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Diamond in Finland

Diamond Potential of Finland:


  • The Diamond prospective area in Finland (i.e., Archean with <40 mW/m2 heat flow and >200 km lithospheric thickness) is nearly the same size as the Slave Craton in Canada.
  • Of the 25 known kimberlite-related intrusions in Finland, the 20 in the Kaavi–Kuopio area are Group 1 kimberlites and nearly all of these are diamondiferous.
  • World class deposits at Archangelsk are in the same Karelia–Kuloi Craton.
  • The Karelian craton is underexplored given its size and potential.


Thick lithospheric mantle, kimberlite/lamproite probes, and diamond indicator minerals; an example from Lentiira, eastern Finland.

Thick Lithospheric Mantle

By analogy with other shield areas, the potential exists for further and significant diamond discoveries in Finland. Furthermore, the late Archean terrain comprising much of eastern and northern Finland is contiguous with the Karelia and Kola–Kuloi cratons in Russia, which contain the major Archangelsk kimberlite province, at the easternmost edge of the shield, and diamond-bearing lamproites at Kostamuksha, near the Finnish border.

It is worth noting that the thick lithosphere area is not limited to the Archaean areas, but extends well into the Proterozoic terrain. However, for reasons not fully understood (e.g., preferential diamond formation in highly depleted, komatiite extracted?, chromite-bearing harzburgites and dunites) the other apparently critical factor for economic diamond deposits is an Archean age for the lithosphere to be prospective (Clifford's rule). A Proterzoic/Archean boundary is therefore demarcated in Fig. 1 and is based on Nd isotopic data where rocks to the NE of the line either are Archean or show evidence of an Archean component in their source region through negative ε Nd values. The area where all three of these factors overlap favorably is the area most prospective for diamond exploration in northern Europe.

In eastern Finland, kimberlite-hosted mantle peridotite xenoliths suggest that the lithosphere is at least 240 km (Kukkonen and Peltonen, 1999), one of the thickest localities known anywhere. Since diamonds are formed only at lithospheric depths exceeding 150 km (Kennedy and Kennedy, 1976) other diamondiferous pipes such as the Terskii kimberlites in the Kola, as well as at Kostamuksha (lamproite) and the Archangelsk pipes (Group I & II kimberlites; Mahotkin and Skinner, 1998) and Kemozero (kimberlite) attest to a very large region with anomalously thick lithosphere. Note that although much of Northern Russia is prospective using the above criteria, because of political and financial instability, the region within Russia is not highlighted as a preferred target area at this time.

Kimberlite and Lamproite Probes

As mentioned above, more than twenty-four intrusive bodies, mostly kimberlitic diatremes, but also including hypabyssal kimberlites, olivine lamproites and ultramafic lamprophyres have been discovered within the Archean Karelian Craton in Finland. Group I and II kimberlites and olivine lamproites are important because they are the only rock types known to contain economically significant amounts of diamonds worldwide.

The known kimberlites in Finland occur in two clusters at the edge of the Archean Craton, near the towns of Kuopio and Kaavi in northeastern Finland. Their mineralogy is typical of Group I kimberlite including abundant macrocrysts of olivine, picroilmenite, Cr-diopside, pyrope garnet; phenocrysts of olivine and microphenocrysts of monticellite, perovskite, kinoshitalite mica and spinel in a calcite + serpentine matrix. Notably phlogopite is not abundant, and there are no indications of Group II kimberlite (orangeite) affinities in these rocks. Major elements indicate that there is a crustal component in some of the samples even though only hypabyssal kimberlite material was used. Trace elements show that this assimilation has had mostly a dilutive effect and that the Finnish kimberlites in this study form a compositionally cohesive group of rocks more akin geochemically to the Koidu type kimberlites of West Africa than the Group I kimberlites from South Africa. Sr-Nd isotopic compositions either reflect derivation from a near bulk-earth mantle or represent assimilation and reaction of radiogenic Karelian Craton lithospheric mantle by kimberlite magmas that originally had Group I isotopic signatures (O'Brien and Tyni, 1999).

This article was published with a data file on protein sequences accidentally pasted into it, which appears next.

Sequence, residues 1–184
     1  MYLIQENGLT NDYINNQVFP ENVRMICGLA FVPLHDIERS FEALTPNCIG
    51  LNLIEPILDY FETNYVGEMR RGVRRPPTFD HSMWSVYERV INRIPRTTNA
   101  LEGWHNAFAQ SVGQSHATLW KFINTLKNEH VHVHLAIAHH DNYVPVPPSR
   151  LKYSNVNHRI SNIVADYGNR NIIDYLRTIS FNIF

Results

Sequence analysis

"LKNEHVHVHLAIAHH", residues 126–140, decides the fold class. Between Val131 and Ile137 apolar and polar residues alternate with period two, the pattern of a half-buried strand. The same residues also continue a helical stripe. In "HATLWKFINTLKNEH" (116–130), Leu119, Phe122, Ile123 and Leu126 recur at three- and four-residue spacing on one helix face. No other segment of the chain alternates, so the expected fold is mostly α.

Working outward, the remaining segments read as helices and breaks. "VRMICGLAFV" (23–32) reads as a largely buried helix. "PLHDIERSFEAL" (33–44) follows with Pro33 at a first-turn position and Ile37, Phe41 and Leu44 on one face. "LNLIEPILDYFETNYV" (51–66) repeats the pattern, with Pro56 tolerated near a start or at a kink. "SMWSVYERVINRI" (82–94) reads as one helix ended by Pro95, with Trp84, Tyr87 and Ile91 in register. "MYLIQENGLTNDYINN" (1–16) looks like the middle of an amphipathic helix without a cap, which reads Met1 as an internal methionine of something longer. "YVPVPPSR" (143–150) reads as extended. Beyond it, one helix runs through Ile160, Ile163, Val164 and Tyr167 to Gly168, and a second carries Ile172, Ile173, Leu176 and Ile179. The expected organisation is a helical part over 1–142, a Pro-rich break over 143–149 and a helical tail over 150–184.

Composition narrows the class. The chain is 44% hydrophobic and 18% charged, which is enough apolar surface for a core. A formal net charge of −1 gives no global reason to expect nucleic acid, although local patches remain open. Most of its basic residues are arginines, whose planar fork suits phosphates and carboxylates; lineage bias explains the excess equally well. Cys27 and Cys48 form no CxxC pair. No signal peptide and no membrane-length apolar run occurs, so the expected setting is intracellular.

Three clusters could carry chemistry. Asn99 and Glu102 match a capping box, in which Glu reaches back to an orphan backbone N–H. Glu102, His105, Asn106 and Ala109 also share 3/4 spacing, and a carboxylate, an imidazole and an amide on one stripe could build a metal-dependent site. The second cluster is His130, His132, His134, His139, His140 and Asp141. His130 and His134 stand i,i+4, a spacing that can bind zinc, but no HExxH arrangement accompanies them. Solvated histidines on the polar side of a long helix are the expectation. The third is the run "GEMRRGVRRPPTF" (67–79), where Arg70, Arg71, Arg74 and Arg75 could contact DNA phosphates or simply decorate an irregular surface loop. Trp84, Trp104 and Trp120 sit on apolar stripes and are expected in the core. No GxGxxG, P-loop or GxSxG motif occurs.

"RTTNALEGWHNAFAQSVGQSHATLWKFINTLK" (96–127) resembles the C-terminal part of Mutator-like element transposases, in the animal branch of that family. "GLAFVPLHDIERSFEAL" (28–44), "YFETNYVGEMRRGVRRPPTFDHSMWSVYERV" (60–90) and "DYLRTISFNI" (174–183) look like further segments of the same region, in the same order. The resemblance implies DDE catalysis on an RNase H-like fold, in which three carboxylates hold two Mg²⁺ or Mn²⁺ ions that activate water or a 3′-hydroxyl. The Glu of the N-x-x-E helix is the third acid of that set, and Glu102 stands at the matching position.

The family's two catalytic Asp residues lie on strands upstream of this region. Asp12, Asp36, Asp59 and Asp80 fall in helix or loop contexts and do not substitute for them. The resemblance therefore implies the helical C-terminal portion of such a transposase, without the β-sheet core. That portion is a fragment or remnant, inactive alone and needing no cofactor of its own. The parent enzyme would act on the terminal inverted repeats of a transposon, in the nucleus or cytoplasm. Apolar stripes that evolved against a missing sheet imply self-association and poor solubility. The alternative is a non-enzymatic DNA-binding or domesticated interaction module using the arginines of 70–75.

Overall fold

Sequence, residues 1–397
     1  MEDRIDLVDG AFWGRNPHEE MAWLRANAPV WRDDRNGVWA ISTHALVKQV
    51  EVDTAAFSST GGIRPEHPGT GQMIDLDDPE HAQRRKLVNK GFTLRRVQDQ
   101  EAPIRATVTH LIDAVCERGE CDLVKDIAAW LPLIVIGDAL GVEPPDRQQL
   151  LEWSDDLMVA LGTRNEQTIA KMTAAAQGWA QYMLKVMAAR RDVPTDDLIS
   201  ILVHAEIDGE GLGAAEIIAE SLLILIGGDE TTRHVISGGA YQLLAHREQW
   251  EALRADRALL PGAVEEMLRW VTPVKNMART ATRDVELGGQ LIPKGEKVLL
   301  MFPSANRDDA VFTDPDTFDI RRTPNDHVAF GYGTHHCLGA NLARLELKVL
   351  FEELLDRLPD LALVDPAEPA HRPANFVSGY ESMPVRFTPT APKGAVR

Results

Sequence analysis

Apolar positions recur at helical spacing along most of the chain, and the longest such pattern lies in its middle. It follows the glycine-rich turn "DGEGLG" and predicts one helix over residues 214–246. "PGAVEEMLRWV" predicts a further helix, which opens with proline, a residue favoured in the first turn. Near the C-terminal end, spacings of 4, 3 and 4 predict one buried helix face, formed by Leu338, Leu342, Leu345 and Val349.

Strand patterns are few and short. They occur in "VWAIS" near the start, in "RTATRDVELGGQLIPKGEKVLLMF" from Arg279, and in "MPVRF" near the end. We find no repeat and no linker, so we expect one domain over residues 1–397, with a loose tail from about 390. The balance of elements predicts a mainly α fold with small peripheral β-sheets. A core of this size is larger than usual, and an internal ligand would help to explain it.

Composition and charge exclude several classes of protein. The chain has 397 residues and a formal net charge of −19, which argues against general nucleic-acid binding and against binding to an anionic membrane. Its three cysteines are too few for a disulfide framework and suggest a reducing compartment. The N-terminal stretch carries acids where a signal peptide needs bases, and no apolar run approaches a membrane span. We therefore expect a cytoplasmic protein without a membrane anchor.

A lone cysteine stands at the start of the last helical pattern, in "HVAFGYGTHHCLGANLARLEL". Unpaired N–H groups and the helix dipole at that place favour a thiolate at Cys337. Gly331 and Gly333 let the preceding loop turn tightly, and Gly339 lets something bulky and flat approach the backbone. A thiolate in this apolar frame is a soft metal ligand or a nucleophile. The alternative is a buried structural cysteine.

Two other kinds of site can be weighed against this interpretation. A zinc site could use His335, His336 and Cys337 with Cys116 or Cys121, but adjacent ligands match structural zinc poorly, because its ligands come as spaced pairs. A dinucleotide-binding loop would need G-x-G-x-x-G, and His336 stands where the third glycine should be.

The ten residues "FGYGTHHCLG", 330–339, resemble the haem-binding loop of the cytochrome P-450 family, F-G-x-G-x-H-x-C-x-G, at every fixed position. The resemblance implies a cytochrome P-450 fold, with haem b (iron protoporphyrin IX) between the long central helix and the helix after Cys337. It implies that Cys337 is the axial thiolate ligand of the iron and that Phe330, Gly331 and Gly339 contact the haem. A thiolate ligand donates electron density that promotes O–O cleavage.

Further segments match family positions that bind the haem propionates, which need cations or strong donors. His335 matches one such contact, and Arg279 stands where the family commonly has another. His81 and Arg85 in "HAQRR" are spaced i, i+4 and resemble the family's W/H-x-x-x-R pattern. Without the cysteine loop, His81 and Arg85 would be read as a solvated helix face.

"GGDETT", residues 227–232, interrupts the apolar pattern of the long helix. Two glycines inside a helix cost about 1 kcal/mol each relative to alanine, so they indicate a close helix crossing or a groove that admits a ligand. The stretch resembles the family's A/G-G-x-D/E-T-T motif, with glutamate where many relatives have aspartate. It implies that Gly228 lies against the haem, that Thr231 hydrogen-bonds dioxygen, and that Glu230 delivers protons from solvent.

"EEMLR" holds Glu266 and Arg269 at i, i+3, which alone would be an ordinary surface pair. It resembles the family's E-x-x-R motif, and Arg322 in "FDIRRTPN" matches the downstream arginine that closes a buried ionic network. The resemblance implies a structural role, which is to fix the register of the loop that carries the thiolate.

Farther into the Karelian Craton occur dikes of carbonate-rich ultramafic lamprophyre (aillikite) and a rock which appears to have both olivine lamproite and Group II kimberlite affinities. The latter contains most of the typomorphic minerals of lamproite including phlogopite, K-richterite, low-Al diopside and has a major element composition equivalent to average olivine lamproite. Despite this the rock has tetraferriphlogopite zoning profiles (Fig 2) and an accessory Ca-Zr silicate that differ from other reported lamproites and are in fact more typical of those seen in Group II kimberlites (orangeites).

Indicator Mineral Type Study – The Lentiira Area in Eastern Finland

Bedrock Geology – The Lentiira area is located in the western part of the Archean Karelian Province of the Fennoscandian Shield (Fig. 3). The province is composed of Archean, locally strongly deformed, granitoid-greenstone associations although metamorphic conditions rarely exceed amphibolite facies. U-Pb zircon ages show that the peak magmatic activity in the Karelian Province was between 2800–2650 Ma although zircon ages slightly over 3000 Ma have also been obtained in many places (Luukkonen, 1992).

The Lentiira area occurs between the Kuhmo and Kostamuksha greenstone belts in an area characterized by TTG migmatites but contain a minor component of tholeiitic volcanics and rare examples of strongly deformed serpentinites enclosed in amphibolites. The latter could represent fragmented and boudinaged relicts of komatiitic flows possibly related to the major ca. 2785 Ma komatiitc volcanic pulse in the Kuhmo and Suomussalmi greenstone belts (Luukkonen, 1992).